Frequently Asked Questions

The recommended frequency for eye exams depends on your age and risk factors for eye disease. Here's a general guide:

First Eye Exam: No Age Restriction. A child can have an eye exam at any age after birth. Ideally, a child's should have thier first eye exam before 6 months of age.
Second Exam: Childern can have exams yearly to ensure optimal ocular health. At minimum it is recommended between the ages of 2 and 5.
Annual Exams: After that, children should have an eye exam every year.

Ages 19-39: Every 2 years (if healthy and no vision problems)
Ages 40-64: Every 1-2 years
Ages 65 and older: Annually

Note: The above is only a recomendation only, more frequent checkups may be needed and is best determined by your eye care professional.

Eye exams use a standardized eye test chart filled with letters and/or symbols that decrease in size the further down the chart you go. This is typically called the Snellen Chart, and helps measure your visual acuity, which is how clear and sharp your vision is at a specific distance.

20/20 vision is considered the standard for normal visual acuity. This means that at a distance of 20 feet, you can see the same level of detail that a person with normal (healthy) vision can also see from 20 feet away.

20/40 vision indicates that your vision is weaker than 20/20. In this case, what a person with the normal (healthy) eyes can see at 40 feet away, you require it to be closer to you at 20ft to see it.

A higher second number in the fraction (ex. 20/40) indicates slightly weaker eyesight.

Eye prescriptions can seem complex at first glance, but they break down into a few key pieces of information. Here's a breakdown to help you understand what the numbers on your prescription mean:

OD and OS: These abbreviations stand for Oculus Dexter (right eye) and Oculus Sinister (left eye). They indicate the specific lens power needed for each eye.

Sphere (SPH): This value indicates the power of the lens needed to correct your distance vision. A minus (-) sign means you are nearsighted (better vision close up), while a plus (+) sign indicates farsightedness (better vision far away).

Cylinder (CYL) and Axis: These values come together and define whether you have astigmatism. Astigmatism is a condition where the cornea has a slightly irregular curvature, causing blurred vision at all distances. The cylinder value indicates the power of the lens correction for astigmatism, and the axis indicates the orientation of the correction. If these values are blank, you don't have astigmatism.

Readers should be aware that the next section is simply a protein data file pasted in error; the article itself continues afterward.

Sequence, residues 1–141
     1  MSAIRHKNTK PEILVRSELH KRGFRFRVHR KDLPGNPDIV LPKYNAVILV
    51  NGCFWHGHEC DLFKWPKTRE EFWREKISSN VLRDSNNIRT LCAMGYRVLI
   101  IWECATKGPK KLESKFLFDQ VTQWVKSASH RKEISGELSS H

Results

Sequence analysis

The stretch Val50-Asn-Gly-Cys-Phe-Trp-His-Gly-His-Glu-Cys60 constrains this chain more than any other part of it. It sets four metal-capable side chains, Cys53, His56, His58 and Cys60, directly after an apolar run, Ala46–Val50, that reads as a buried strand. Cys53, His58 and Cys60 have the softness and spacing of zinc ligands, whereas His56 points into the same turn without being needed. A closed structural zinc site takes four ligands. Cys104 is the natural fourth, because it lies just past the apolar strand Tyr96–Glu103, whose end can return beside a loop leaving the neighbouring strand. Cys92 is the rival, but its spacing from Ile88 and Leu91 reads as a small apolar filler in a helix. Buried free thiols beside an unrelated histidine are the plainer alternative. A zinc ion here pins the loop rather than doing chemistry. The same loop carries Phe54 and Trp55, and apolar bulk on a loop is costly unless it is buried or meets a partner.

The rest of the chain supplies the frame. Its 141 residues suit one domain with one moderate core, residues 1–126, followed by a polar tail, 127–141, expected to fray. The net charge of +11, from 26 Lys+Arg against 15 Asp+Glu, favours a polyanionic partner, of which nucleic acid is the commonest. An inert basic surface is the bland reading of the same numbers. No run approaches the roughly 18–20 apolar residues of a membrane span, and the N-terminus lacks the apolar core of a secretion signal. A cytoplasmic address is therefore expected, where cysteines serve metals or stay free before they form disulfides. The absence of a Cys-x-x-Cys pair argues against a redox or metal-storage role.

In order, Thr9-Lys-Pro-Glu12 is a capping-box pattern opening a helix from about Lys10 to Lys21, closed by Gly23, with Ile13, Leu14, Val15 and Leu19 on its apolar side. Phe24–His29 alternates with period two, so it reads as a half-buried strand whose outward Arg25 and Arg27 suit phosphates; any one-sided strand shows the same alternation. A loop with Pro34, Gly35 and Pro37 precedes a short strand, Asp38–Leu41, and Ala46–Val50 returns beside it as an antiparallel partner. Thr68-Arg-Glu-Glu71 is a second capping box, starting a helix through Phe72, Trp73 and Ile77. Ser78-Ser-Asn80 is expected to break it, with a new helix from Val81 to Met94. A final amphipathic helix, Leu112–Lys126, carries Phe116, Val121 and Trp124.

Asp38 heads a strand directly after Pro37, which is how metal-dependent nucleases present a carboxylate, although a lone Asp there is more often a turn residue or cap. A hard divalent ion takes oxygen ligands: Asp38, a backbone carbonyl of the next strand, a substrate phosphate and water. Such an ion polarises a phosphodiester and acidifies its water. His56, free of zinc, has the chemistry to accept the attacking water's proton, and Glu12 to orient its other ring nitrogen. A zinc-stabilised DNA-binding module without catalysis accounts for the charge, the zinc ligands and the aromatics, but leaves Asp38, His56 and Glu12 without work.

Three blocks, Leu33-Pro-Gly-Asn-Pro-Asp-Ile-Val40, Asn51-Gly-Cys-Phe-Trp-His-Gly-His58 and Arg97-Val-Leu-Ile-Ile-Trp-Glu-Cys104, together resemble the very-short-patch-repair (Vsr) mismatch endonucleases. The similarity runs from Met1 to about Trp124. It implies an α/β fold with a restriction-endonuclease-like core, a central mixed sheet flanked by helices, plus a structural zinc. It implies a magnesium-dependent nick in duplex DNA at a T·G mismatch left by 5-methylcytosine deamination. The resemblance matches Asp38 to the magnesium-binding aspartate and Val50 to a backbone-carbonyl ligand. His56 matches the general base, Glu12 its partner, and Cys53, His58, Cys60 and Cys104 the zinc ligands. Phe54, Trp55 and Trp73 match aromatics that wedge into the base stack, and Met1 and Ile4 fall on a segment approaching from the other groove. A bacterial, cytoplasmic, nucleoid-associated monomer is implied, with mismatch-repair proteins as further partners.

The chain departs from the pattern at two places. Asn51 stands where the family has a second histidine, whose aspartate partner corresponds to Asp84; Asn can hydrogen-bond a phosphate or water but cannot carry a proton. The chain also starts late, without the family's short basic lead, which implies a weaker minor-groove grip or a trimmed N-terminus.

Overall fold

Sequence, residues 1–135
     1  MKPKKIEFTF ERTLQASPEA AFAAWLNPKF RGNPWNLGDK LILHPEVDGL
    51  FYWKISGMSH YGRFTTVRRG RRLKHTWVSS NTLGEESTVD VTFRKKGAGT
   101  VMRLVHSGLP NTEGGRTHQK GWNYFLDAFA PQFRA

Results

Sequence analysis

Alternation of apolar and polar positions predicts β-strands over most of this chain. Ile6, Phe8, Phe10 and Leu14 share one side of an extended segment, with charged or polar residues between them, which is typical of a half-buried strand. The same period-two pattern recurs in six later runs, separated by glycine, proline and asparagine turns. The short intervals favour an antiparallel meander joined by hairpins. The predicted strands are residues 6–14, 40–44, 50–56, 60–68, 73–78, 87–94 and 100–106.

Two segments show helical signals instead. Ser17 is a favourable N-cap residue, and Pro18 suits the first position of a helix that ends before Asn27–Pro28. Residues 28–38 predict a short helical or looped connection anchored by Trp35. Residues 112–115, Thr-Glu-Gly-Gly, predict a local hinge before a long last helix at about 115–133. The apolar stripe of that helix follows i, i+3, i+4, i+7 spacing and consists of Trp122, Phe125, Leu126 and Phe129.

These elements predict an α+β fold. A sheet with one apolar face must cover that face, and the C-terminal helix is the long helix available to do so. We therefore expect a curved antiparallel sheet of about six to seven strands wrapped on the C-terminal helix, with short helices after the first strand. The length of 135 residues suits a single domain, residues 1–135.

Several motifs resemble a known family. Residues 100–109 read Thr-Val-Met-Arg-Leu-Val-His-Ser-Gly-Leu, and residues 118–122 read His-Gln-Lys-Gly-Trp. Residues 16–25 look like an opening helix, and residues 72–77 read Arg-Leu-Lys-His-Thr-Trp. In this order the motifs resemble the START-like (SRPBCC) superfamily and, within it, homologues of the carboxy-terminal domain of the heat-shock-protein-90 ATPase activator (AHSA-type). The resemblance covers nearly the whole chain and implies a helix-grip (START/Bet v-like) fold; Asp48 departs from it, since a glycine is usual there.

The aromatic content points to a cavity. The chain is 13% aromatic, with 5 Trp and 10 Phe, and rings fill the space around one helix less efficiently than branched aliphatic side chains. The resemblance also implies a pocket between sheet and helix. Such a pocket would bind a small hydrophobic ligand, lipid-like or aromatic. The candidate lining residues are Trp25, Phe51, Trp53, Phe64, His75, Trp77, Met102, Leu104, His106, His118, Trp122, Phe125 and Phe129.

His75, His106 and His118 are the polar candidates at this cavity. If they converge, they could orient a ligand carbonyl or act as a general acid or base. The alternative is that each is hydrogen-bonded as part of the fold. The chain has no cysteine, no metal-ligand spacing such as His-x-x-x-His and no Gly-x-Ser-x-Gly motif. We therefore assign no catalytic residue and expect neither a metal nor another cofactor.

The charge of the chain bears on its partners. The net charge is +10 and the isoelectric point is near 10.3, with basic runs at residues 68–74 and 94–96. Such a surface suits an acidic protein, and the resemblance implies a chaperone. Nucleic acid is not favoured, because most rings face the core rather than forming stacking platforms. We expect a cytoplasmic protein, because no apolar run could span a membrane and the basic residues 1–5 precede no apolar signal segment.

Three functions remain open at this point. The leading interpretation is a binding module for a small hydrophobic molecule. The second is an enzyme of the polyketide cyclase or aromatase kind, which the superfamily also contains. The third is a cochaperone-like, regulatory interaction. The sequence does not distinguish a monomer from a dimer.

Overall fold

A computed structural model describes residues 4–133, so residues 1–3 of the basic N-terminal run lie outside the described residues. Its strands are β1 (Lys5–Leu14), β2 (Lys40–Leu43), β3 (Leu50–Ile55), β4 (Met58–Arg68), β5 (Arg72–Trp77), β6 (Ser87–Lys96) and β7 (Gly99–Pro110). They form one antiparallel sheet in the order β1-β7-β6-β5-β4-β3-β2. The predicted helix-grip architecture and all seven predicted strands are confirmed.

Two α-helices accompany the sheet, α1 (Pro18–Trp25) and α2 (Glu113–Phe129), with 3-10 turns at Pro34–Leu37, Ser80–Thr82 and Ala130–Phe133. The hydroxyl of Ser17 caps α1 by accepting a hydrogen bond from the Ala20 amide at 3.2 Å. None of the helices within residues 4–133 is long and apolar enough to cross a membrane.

PD, or pupillary distance, refers to the distance in millimeters (mm) between the centers of your pupils. This measurement is crucial for ensuring your eyeglasses or contact lenses are centered correctly for optimal vision.

Is PD important when ordering glasses?

Imagine looking straight ahead. PD measures the distance between the center of the pupil in your right eye and the center of the pupil in your left eye. Having an accurate PD ensures the optical center of each lens aligns perfectly with your pupils, providing the clearest and most comfortable vision possible.

Eyeglass lenses come in a variety of types to address different vision needs and preferences. Here's a breakdown of some common options:

Single Vision Lenses: These are the simplest lenses, correcting nearsightedness, farsightedness, or astigmatism.

Bifocal Lenses: These have two distinct sections: one for near vision (reading) and one for distance vision. They're a good option if you need correction for both but may require some adjustment as you shift your gaze.

Trifocal Lenses: Similar to bifocals, but with an additional zone for intermediate vision (computer work).

Progressive Lenses: These lenses offer a smooth gradient of power from top to bottom, allowing you to see clearly at all distances without visible lines.